The average small size lot we processed was between 5 and 10 troy ounces and took up to 3 hours to dissolve. The scrap needed occasional stirring and the use of a plastic stir rod to break up the silver chlorides which held to the metal. Most gold scrap has silver as part of the alloy and this silver converts to silver chloride when under attack by aqua regia forming a cake or crust like layer on the gold. Before you begin to dissolve your scrap you can melt zinc and copper into your gold to lower the silver content ratio in your scrap then pour it into shot. Then when you dissolve your scrap the silver chloride will easily fall off the gold and settle to the bottom of the beaker. You want the silver to be no more than 10-12% of the alloy you are going to dissolve. By having your silver content in the gold alloy low enough the silver will fall away from the gold as it is dissolving and form a powder in the bottom of the beaker. It's a good idea to have a stirrer hotplate to speed the dissolving process but not necessary. A large lot is sometimes processed overnight. When all of the gold is dissolved you should feel no pieces or particles with your stir rod and there will be no more bubbling and fuming.
Now it is time to let the solution cool and pour it off into a plastic tank to chill by adding cold distilled or deionized water to double its volume. Add about 20 milliliters of sulphuric acid to the cooling aqua aqua regia to precipitate lead. After you double the volume you then set up your filter funnel with its adapter and filtrate bottle. Note* you can pay a lot of money for laboratory vacuum flasks or you can use a 6 gallon water bottle, the same kind home brewers use for beer making.
The filtration system is made up of a 240cm Buchner porcelain filter funnel and a 5 gallon glass filter bottle, a rubber filter adapter to fit the funnel to the bottle or flask vacuum tight and a Tygon plastic hose which connects from the filter flask to a vacuum pump. All of these items can be purchased at a laboratory supply company. The adaptors and filter flasks can be found at Amazon and large filter flasks up to 20 liters can be very expensive at laboratory supply companies so we just used 5 gallon water bottles. The adaptors fit into the neck of the flask or bottle and the funnel fits through the adaptor into the flask. A vacuum is drawn and a filter paper is laid down over perforations in the funnels plate wetting it with a stream of water from a wash bottle while laying it down. Then the gold solution is slowly poured into the funnel filling it close to the top. The first 500mls can be emptied from the flask and re-filtered to help the paper be more retentive by clogging the pores in the paper. This helps to make a clearer filtrate. Filter all of the gold solution this way and wash all of the undissolved silver chloride and other insoluble material onto the filter paper also. When all of the solution has passed through the filter, wash the remaining insolubles by pouring a dilute 1% nitric acid solution over it and allowing the vacuum to pull it through the paper. Repeat this about 5 times until the solution exiting the stem of the funnel is clear. That is the way you filter rinse. The small amount of nitric acid is necessary to prevent the silver chloride from dispersing, (called peptization) into fine particles that will pass through the filter paper and contaminating the filtrate.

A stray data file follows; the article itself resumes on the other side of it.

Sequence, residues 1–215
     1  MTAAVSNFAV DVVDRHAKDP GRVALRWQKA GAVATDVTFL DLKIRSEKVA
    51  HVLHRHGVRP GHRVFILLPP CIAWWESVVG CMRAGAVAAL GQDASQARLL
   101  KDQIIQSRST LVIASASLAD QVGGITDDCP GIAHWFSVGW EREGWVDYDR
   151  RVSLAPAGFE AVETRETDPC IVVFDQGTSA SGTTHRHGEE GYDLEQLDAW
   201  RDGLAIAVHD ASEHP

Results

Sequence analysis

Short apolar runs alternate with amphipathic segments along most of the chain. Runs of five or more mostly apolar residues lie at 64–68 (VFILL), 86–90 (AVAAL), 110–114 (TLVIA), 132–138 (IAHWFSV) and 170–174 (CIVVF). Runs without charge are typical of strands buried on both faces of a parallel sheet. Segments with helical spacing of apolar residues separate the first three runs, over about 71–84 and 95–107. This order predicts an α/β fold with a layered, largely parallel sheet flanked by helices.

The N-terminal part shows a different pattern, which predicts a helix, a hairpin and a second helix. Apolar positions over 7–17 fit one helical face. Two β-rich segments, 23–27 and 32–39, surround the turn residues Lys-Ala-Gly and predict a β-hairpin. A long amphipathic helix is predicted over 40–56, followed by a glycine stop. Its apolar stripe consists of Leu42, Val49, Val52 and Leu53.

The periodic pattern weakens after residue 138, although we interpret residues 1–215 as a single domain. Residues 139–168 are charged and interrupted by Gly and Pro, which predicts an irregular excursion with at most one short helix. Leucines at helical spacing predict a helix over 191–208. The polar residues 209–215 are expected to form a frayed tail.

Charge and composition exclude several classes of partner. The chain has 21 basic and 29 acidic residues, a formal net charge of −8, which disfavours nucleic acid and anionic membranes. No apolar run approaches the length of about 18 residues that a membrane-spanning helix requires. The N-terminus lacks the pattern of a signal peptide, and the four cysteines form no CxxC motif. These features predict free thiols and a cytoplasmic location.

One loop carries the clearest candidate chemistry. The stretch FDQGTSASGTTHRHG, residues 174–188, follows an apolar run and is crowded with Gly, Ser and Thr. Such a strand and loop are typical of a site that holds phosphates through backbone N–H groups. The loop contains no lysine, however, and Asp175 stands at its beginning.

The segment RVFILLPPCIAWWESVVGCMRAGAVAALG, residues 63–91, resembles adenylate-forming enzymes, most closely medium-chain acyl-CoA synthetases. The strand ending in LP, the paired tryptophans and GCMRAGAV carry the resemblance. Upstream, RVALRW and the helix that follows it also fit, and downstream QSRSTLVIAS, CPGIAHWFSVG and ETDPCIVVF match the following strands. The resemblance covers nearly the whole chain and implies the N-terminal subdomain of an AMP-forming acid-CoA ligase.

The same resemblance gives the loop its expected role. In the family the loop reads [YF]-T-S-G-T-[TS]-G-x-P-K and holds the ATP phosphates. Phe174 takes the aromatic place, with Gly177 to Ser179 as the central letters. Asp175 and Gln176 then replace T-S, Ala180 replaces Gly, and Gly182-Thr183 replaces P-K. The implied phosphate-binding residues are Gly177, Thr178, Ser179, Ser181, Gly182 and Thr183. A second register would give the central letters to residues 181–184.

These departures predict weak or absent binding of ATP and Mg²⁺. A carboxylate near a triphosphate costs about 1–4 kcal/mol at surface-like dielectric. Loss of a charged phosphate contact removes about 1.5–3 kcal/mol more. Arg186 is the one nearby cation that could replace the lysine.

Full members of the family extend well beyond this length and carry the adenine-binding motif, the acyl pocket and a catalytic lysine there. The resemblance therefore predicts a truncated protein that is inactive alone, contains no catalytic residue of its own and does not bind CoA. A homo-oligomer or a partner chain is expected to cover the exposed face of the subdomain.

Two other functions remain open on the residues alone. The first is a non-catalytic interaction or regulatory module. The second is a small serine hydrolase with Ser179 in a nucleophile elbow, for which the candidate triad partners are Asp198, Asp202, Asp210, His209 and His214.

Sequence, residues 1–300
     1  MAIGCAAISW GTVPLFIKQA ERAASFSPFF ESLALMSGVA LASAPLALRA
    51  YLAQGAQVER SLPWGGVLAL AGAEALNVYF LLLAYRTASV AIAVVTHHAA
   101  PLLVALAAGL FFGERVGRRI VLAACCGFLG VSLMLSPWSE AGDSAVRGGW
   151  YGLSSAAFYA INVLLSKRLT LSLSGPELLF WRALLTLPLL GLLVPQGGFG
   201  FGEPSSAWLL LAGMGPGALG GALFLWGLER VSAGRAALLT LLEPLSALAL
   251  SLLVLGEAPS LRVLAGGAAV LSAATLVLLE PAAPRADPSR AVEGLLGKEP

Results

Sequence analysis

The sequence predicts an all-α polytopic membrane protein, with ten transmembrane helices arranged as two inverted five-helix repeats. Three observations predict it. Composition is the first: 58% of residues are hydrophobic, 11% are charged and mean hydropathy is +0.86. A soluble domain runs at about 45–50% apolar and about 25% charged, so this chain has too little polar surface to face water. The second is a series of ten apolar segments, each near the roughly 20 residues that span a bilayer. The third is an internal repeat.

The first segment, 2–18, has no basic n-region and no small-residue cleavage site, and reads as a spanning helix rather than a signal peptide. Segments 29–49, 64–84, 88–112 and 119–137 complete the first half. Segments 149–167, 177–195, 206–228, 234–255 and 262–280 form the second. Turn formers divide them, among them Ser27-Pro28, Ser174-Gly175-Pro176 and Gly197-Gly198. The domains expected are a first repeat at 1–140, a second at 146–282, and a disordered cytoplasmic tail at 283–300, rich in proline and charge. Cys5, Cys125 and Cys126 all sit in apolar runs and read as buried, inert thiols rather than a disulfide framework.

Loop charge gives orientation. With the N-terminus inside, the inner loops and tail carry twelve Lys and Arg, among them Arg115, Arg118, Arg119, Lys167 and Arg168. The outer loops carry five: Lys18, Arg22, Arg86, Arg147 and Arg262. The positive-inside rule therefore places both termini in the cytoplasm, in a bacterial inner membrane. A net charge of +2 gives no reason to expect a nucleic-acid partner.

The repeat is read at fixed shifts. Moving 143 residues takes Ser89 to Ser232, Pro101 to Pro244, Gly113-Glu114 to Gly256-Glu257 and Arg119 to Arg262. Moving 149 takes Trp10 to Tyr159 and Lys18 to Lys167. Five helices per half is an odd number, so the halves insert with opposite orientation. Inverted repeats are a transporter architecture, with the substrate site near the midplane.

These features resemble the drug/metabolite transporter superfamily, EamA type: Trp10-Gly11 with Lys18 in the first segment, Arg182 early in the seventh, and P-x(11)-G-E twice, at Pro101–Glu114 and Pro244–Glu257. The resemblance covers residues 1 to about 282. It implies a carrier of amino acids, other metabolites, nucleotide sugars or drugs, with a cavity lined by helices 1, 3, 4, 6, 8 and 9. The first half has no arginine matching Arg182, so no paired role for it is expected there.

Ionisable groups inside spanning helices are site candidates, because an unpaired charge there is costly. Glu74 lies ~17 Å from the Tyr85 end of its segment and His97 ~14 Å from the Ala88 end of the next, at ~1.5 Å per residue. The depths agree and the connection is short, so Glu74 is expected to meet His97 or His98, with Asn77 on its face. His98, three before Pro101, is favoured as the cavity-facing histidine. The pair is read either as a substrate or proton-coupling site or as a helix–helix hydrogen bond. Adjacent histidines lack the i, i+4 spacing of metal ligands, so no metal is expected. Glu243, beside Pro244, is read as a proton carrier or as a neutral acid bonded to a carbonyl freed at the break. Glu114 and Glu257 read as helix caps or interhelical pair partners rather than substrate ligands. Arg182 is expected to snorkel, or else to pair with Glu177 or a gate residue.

After filtering turn off the vacuum and carefully remove the funnel. Then remove the paper from the funnel and place it in a bucket to save along with other chlorides for processing at a later date when the value makes it profitable to spend time on it. Also take a wash bottle and wash away the chlorides adhering to the funnel into the same bucket. Then take the funnel to a wash basin and wash it thoroughly with a sponge and powdered cleanser before placing it in a safe place.

Note* I want to mention here the "Old School Refining Method

After dissolving gold scrap and filtering out the chlorides we used to evaporate the filtrate to a crystal and rehydrate with HCL repeating this 3 or more times to a crystal until no brown nitric oxide fumes appeared. We used Coors Evaporation Dishes:

Doing this eliminated the use of urea to sequester the HNO3 and allowed for easier precipitation of the gold with Ferrous Sulfate without the interference of the nitric acid.
You then pour the filtrate into a clean container such as a 5 gallon plastic bucket and dilute it to double the volume with water. Now you are ready to add urea to chelate the nitric acid. When you are adding and stirring in the urea you will get a fizzing reaction. You will want to continue adding urea until the fizzing stops or at least diminishes. When the fizzing slows or stops it's time to precipitate your gold using one of the following precipitation reagents,
Ferrous Sulfate, (my favorite), Sulfur Dioxide Gas, Sodium Sulfite or Sodium Meta Bisulfite. You will need to add about 1.5 times the weight of the gold to precipitate all of the gold. If the filtrate foams while adding the reagent you should dilute it more and dissolve the reagent in water before adding it to the filtrate. The gold will begin to precipitate as a light color, then turn dark brown.
When the precipitate turns dark brown the precipitation is complete but it doesn't have to turn dark to be complete. When you think the precipitation is complete let it stand about 30 minutes then filter it through a Whatman # 2, 40 or 52 filter paper. You can test the clear filtrate to see if there is any gold left in it with a solution of stannous chloride by placing a couple of drops of the filtrate on a spot plate and taking an eye dropper and dropping 1 drop of stannous chloride into the filtrate. It it turns purple the precipitation is complete. Another way is to take a 100ml sample of your filtrate and add more sodium sulfite to it letting it set overnight.